The Rolls-Royce Wraith was built by Rolls-Royce at their Derby factory from 1938 to 1939 and supplied to independent coachbuilders as a running chassis only. The in-line six cylinder, overhead valve, 4257 cc engine was based on that of the 25/30, but featured a cross-flow cylinder head. The Wraith featured independent coil spring front suspension and semi elliptical leaf springs on the rear axle. The hydraulic dampers at the front had their damping rate controlled by governor and so varied with the speed of the car, making it superior to its predecessor, the 25/30 HP and on par with the Phantom III. The car was still built on a separate chassis but this was now of welded rather than the traditional riveted construction. The drum brakes were assisted by a mechanical servo driven by the engine, a Hispano-Suiza patent built under license by Rolls-Royce. Wire wheels of 17 inch diameter were fitted, usually covered by removable discs. A built in hydraulic jacking system was fitted, operated by a lever under the passenger seat.
The car could reach 85 mph (137 km/h), which of course was very dependent on the weight and style of the body. In 1938 the chassis cost £1100 and a typical touring car could cost about £1700.
Development of the Rolls-Royce Wraith was cut off by the outbreak of World War II, and the model would not be revived after the war, making this effectively a two-year-only offering and thus among the rarest prewar Rolls-Royces today. Only about 491 Wraith chassis were made and delivered to multiple British coachbuilders, but also to other overseas companies like Erdmann & Rossi. Hooper's creations were essentially British in design, like the stately Limousine in this gallery.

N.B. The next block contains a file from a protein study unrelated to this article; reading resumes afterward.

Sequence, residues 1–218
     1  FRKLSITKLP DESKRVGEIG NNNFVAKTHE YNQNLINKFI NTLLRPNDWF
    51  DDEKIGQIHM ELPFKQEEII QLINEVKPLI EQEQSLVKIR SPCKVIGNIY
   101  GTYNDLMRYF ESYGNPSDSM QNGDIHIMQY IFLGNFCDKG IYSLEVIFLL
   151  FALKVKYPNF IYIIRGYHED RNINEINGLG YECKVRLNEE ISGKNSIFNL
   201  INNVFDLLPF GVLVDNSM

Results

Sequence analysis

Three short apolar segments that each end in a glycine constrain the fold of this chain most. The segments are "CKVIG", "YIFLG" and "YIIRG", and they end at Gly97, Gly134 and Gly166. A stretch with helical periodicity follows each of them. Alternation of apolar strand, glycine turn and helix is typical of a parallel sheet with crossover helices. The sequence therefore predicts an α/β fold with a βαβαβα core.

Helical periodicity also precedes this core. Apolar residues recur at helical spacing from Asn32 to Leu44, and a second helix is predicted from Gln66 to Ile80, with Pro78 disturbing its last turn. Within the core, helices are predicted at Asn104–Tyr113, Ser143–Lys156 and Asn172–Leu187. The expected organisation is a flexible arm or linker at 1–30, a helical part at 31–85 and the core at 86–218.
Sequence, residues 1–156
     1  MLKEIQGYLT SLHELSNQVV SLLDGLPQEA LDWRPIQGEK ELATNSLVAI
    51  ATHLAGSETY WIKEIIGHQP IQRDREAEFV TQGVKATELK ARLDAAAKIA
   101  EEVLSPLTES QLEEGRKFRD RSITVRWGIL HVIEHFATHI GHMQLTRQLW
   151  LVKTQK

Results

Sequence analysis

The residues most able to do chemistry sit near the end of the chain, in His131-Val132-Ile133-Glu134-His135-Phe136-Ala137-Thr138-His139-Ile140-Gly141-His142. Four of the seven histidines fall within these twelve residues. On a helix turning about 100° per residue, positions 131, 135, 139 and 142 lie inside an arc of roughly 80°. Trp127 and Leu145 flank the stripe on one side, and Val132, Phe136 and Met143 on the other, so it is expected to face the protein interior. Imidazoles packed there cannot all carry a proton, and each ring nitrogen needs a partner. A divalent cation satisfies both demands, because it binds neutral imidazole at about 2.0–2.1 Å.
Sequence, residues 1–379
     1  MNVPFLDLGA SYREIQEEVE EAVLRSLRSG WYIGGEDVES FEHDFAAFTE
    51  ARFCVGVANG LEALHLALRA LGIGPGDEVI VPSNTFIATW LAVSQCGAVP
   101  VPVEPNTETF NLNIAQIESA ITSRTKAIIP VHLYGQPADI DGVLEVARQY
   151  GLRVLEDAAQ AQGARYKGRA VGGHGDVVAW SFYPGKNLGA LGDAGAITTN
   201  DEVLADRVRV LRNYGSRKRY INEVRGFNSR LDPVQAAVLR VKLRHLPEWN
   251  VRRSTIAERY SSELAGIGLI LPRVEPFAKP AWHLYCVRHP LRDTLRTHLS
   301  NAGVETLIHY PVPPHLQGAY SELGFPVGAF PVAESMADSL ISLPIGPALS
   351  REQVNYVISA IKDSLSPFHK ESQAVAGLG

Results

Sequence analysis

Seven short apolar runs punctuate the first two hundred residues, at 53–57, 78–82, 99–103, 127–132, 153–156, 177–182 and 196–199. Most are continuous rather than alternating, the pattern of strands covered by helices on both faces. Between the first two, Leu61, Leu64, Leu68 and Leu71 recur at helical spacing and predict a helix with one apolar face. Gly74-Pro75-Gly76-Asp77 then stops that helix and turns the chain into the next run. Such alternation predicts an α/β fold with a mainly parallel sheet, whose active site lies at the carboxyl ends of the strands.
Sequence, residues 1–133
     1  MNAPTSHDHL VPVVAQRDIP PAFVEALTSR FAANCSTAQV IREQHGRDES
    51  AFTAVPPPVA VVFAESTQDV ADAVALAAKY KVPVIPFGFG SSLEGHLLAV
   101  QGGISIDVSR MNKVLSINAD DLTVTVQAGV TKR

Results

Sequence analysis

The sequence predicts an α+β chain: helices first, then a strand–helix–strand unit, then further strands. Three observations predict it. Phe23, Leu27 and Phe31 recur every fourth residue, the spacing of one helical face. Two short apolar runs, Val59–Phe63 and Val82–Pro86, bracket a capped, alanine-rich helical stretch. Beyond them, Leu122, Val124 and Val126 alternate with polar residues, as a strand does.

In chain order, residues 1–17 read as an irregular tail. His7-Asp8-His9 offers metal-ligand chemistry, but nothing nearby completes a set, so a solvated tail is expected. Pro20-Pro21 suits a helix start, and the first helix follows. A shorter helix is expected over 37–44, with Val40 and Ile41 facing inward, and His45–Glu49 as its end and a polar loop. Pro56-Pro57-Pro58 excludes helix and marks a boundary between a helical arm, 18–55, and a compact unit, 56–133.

This particular Hooper-bodied Wraith, chassis WXA95, has a fascinating history. An accompanying plaque, attributed to "Rolls-Royce Ltd. Derby", confirms "this vehicle has during its service throughout the war carried our employees to and from their work and in doing so helped considerably with our contribution to the national effort." This was certainly quite a luxurious transport for Rolls-Royce's skilled mechanics and engine builders. WXA95's first known private owner was a Mr. P.H. Riley of Esher in Surrey, although it is not known whether he acquired the car before or after its wartime use. In the early 1960s, the car was purchased by the family business C.W. Lyons & Son Ltd. and eventually found its way to the famous Hans-Günter Zach Collection.
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